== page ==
Focusing the university home page to act as a portal to audience-specific "sub-sites", instead of a catch all everything-to-everyone page.
Users' expectations of Web sites has evolved rapidly over the past few years - and continues to evolve. The concept that a "single" Web site can meet the needs of the wide variety of audiences that come to a university Web site is no longer valid. Users expect a tailored experience, designed specifically to meet their needs, address their concerns, and to fit their mental model of the site. No one "all purpose" university Web site can hope to do this - except to do it poorly.
In fact, a university's Web site is not a single site, but instead a collection of a wide variety of sites, each serving specific audiences and specific needs, and each providing a different facet of what the University is. Accounting Operations, the College of Business, and University Housing are each part of the university and the university's Web presence, but each serves a different purpose, addresses a different audience, and meets a different need.
The top level pages in the university Web site (including, of course, the home page) are no different, and should no longer be viewed as a monolithic set of "one size fits all" pages attempting to meet the needs of all users. Instead, the focus should be to provide audience-focused experiences, custom-designed to meet the needs of the main user groups that are likely to visit a university's site. These include the usual suspects of prospective students, current students, faculty, staff, alumni, family, and community members, as well as other groups.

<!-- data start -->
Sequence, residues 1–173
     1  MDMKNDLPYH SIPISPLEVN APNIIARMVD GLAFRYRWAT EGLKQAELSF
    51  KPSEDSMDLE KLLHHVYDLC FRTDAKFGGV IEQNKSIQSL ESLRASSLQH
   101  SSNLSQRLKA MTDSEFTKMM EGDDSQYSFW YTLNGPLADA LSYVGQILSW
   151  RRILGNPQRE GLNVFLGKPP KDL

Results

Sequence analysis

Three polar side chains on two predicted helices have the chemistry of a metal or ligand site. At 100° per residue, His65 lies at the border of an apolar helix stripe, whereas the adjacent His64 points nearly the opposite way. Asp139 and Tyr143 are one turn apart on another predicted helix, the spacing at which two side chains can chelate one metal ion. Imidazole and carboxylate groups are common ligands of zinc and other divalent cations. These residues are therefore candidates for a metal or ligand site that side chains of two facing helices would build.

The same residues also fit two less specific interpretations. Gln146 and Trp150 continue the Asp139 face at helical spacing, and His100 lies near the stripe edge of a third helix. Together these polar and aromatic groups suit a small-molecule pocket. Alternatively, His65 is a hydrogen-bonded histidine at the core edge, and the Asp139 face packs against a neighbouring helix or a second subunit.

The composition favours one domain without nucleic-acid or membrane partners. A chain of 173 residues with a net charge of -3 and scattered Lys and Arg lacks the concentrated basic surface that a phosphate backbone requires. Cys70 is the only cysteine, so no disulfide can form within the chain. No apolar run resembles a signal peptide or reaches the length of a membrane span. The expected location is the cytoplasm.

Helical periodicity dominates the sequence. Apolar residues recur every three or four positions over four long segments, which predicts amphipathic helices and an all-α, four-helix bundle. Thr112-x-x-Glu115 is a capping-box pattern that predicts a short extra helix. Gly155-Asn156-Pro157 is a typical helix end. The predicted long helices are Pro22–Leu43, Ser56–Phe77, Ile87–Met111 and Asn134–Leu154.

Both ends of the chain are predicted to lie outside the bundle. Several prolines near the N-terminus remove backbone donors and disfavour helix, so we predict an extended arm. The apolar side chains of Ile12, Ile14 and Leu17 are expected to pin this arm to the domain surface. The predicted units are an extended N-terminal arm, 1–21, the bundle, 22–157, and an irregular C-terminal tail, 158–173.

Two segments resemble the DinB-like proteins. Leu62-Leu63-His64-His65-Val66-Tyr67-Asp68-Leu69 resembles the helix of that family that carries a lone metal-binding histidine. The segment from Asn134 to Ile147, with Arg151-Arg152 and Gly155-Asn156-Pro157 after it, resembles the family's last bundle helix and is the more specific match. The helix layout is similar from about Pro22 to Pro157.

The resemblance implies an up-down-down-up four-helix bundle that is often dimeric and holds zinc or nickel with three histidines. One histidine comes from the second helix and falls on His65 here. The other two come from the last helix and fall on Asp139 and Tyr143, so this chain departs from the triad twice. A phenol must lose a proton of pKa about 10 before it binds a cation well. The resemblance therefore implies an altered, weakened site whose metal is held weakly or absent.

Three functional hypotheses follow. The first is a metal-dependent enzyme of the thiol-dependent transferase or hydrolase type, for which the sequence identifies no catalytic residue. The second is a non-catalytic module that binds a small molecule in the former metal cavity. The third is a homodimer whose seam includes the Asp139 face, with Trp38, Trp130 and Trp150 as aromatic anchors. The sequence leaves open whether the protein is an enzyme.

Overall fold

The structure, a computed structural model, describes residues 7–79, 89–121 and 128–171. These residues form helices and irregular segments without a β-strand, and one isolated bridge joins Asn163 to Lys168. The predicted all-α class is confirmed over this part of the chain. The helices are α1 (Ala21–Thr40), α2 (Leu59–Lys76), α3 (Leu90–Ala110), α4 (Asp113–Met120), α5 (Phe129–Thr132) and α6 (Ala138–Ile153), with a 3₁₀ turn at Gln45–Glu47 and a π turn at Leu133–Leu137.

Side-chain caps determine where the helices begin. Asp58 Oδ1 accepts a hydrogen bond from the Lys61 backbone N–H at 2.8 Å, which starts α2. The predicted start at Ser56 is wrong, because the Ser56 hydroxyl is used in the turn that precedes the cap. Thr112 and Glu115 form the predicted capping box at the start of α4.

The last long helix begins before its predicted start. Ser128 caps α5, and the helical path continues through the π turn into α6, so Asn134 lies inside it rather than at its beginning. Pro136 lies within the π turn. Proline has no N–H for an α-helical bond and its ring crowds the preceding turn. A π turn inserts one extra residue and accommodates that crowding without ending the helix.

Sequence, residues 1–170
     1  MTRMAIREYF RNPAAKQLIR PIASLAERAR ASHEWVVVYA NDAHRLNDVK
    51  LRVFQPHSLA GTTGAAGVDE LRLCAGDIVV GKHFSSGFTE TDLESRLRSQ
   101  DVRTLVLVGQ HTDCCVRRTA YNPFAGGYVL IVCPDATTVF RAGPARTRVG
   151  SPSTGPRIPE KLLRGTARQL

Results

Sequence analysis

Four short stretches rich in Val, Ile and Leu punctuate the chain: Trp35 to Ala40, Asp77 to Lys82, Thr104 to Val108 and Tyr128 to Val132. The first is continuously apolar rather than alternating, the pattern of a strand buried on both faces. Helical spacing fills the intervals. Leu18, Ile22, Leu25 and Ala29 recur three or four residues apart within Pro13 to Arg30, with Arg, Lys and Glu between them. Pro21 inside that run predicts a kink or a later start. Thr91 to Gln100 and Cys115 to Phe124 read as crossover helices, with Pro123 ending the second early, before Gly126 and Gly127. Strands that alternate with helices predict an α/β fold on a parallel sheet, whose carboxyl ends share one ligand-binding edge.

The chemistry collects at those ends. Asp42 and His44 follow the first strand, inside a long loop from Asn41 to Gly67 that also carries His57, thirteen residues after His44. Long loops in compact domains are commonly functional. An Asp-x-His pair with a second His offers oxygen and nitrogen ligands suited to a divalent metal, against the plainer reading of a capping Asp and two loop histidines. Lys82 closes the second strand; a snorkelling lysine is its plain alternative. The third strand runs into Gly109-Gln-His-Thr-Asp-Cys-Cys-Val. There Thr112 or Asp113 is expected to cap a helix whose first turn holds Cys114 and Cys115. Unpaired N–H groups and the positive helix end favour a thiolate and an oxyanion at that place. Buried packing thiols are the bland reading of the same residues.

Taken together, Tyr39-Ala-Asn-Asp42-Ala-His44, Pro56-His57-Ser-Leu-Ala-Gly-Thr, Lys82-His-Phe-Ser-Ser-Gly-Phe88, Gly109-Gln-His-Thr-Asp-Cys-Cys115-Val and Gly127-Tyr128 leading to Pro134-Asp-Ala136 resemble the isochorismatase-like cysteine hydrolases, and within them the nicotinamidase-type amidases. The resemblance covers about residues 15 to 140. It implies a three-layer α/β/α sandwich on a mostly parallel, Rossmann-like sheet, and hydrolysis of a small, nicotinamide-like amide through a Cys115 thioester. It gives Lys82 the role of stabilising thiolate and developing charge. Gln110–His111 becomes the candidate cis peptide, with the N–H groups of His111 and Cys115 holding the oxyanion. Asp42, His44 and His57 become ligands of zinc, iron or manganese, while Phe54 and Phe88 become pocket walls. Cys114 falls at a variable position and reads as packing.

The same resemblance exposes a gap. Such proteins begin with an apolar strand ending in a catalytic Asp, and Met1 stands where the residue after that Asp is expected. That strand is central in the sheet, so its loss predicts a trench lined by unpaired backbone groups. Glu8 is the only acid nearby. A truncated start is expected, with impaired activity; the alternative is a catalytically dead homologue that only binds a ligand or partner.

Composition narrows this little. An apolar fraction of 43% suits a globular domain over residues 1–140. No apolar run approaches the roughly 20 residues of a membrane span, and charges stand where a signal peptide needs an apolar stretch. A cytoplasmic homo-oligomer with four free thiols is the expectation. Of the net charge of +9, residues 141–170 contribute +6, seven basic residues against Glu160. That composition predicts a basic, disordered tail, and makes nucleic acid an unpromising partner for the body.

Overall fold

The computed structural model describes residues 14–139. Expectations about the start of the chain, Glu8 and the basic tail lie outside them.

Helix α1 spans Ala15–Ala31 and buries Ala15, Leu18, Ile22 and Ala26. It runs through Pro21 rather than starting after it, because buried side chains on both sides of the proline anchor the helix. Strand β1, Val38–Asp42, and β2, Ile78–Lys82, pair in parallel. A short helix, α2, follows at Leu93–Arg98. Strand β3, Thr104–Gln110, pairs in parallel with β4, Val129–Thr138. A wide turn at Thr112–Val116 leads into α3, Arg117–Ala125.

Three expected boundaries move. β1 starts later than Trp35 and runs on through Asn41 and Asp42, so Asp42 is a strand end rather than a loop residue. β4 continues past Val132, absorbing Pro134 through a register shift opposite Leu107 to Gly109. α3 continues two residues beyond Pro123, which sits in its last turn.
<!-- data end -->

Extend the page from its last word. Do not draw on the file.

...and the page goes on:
There is no reason that we cannot provide a tailored experience for each of these groups, at least at the top level of pages within the site. And there is every reason why we should this level of experience if the university is to compete for students in the coming years.
How do we do this? By providing a home page designed to allow users to quickly self-identify and self-select themselves. Once a user identifies themselves (by clicking on "Prospective Students" or by clicking on the "Admissions" link, for example), they are taken to a sub-site specifically designed to meet their needs. Of course, it's impossible to fully guess the needs of all users, but prospective students have a very similar set of needs when visiting a university site that can be met by designing a section of the university's Web site to focus specifically on prospective students and de-emphasizes content and links irrelevant to those users.
And I'm not talking about the "clearinghouse" pages that so many universities use where each of the audience pages is simply a list of links. That's the short, easy, thoughtless and bad way out. By doing that, you're not providing each audience with a custom-designed experience; you're telling them that their experience isn't important enough for you to waste time trying to design it. "Here's a bunch of links. Knock yourself out," is about all you're saying.
Users' expectations of the level of experience they should have has increased dramatically over the past few years, and to attract those users to our campus, and to retain them, we have no choice but to meet their expectations.In the end, we will end up with not one university site at the top level, but a series of sub-sites, each designed for a specific audience with specific common needs and perceptions.
Who is doing this? I'm sure there are a large number of universities (other than Chico State) doing this out there, but I'm just going to list the few I can find that are really investing the effort:
- University of Virginia - different main pages for each audience